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Investors with SMSFs need to be cautious when investing in property to ensure they avoid losing their assets, according to recent announcements from the ATO.
Bruce Quigley, acting commissioner for the ATO, recently explained his concerns that investors are using their SMSFs without a full understanding of obligations, while others may be taking advantage of the system.
"We have observed that some arrangements are deliberately entered into to get around the law, which can result in the fund's trustees being disqualified, facing civil penalties or even facing criminal charges,” Mr Quigley warned.
"The fine details are important and trustees need to be sure that property is the right investment for their SMSF and that the arrangement is legal," he said.
"We have also seen instances where holding trusts have not even been established at the time the contracts to acquire are signed. In other instances, the title of the property is held in the individual's name rather than the trustee of the holding trust. Another common mistake is gearing in a related unit trust, which is not allowed under the law”.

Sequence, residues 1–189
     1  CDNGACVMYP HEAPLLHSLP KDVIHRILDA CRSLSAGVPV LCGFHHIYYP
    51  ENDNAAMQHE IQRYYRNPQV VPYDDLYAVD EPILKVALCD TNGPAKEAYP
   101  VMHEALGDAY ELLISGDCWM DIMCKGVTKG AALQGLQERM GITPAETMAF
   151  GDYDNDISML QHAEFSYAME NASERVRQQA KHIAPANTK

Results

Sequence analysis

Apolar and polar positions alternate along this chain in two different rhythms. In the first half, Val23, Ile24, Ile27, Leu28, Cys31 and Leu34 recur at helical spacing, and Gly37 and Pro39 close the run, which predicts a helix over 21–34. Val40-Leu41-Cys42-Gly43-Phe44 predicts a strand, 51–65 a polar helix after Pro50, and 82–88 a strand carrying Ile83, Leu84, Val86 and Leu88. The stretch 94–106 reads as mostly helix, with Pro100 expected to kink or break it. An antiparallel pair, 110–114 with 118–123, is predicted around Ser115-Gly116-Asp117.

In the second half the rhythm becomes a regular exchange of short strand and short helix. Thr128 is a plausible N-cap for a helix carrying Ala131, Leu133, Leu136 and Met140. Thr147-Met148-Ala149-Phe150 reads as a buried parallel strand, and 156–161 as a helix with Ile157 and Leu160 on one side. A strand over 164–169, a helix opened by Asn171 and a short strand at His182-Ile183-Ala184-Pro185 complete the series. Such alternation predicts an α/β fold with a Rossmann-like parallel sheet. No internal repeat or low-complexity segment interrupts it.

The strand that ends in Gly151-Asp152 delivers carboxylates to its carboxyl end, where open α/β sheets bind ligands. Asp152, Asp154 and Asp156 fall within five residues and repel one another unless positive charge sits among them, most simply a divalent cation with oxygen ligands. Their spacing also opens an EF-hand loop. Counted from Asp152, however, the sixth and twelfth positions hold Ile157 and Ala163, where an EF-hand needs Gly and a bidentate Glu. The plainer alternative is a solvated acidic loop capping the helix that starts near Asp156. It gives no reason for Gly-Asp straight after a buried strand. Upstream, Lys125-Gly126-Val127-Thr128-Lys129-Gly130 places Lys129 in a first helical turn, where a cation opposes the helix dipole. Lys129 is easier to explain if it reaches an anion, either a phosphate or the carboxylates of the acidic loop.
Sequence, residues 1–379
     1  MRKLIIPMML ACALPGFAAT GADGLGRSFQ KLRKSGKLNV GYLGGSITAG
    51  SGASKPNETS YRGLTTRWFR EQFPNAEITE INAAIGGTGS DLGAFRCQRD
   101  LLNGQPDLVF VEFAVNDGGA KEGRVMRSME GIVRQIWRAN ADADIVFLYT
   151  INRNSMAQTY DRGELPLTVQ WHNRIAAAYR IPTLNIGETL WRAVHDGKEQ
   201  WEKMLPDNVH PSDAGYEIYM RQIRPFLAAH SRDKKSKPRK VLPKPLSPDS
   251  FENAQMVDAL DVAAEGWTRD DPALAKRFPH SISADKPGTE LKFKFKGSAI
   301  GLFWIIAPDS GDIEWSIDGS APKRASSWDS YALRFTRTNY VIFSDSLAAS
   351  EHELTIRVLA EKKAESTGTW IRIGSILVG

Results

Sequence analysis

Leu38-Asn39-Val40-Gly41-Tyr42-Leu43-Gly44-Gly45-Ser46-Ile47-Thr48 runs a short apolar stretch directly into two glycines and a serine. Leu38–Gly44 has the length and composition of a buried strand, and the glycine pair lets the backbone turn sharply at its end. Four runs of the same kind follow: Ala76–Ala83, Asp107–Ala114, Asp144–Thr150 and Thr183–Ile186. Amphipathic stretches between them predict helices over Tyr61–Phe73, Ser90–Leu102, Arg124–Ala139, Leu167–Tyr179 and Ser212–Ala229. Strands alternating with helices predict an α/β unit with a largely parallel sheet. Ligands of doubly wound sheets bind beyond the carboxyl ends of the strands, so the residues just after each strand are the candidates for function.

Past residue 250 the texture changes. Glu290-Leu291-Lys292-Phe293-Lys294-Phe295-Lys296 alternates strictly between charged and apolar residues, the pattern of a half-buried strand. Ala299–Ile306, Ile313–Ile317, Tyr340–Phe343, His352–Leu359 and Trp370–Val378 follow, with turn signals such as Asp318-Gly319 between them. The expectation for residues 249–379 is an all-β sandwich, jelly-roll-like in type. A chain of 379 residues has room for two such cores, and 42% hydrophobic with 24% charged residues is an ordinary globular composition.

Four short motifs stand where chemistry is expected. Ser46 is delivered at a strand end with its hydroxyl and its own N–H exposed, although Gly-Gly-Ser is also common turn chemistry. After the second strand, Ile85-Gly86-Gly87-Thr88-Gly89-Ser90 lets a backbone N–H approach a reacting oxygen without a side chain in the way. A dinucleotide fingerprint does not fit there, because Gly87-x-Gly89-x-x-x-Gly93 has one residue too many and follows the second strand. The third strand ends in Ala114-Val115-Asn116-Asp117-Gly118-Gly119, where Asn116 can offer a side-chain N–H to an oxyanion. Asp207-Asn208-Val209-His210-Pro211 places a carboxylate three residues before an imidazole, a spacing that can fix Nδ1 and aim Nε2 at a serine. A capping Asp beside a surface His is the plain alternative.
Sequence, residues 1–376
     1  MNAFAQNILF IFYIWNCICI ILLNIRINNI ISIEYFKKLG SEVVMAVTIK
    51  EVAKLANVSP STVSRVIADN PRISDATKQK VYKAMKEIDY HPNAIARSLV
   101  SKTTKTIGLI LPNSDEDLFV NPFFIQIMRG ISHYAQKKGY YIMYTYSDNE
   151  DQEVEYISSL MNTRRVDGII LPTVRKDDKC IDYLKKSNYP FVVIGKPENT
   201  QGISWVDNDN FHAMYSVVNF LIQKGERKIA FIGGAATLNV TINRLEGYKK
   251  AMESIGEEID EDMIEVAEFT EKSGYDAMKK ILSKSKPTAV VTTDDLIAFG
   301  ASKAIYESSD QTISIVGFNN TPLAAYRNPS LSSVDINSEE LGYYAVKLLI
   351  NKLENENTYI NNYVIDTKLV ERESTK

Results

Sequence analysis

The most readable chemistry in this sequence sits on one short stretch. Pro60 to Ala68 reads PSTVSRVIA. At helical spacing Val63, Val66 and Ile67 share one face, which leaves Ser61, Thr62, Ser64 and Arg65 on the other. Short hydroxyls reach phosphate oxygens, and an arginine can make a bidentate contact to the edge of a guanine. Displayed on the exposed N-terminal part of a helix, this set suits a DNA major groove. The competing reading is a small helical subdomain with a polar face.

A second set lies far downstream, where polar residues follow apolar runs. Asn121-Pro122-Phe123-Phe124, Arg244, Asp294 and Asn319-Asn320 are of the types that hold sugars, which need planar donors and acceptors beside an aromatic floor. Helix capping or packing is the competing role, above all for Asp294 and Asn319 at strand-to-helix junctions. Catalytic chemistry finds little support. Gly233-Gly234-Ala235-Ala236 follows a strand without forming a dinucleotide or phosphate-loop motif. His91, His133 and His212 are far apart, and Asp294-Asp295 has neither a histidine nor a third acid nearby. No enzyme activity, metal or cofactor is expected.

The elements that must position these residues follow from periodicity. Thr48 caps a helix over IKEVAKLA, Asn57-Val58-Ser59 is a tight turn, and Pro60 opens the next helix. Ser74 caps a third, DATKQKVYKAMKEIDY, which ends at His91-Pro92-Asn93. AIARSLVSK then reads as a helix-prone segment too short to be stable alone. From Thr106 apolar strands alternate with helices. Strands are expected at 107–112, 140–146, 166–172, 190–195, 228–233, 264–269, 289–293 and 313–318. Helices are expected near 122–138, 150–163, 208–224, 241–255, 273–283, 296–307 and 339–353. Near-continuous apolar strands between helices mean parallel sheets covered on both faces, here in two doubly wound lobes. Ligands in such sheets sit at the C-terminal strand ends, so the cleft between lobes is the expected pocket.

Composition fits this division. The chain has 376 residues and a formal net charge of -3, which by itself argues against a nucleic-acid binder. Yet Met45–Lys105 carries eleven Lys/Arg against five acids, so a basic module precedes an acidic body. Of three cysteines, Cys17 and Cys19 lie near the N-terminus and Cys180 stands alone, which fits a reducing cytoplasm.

When SMSFs are structured incorrectly, it may not be a simple quick-fix to rectify the issue.
“The only option may be to unwind the arrangement, which could involve forced sale of assets at an inconvenient time. This could be very expensive for the fund with potential stamp duty and tax consequences,” he said.
"I urge trustees to get reliable, independent advice when making investment decisions and to obtain advice from us if they are contemplating entering into these sorts of arrangements. The responsibility for ensuring their SMSF complies with the law rests with them."
Property refers to either a tangible or intangible item that an individual or business has legal rights or ownership of, such as houses, cars, stocks or bond certificates.
Risk is defined as the possibility of an investment having a different outcome from its expected gains or returns.
A self-managed super fund is a private super fund that provides benefits to its members upon retirement, directly managed by an individual for their benefit and in compliance with super and tax laws.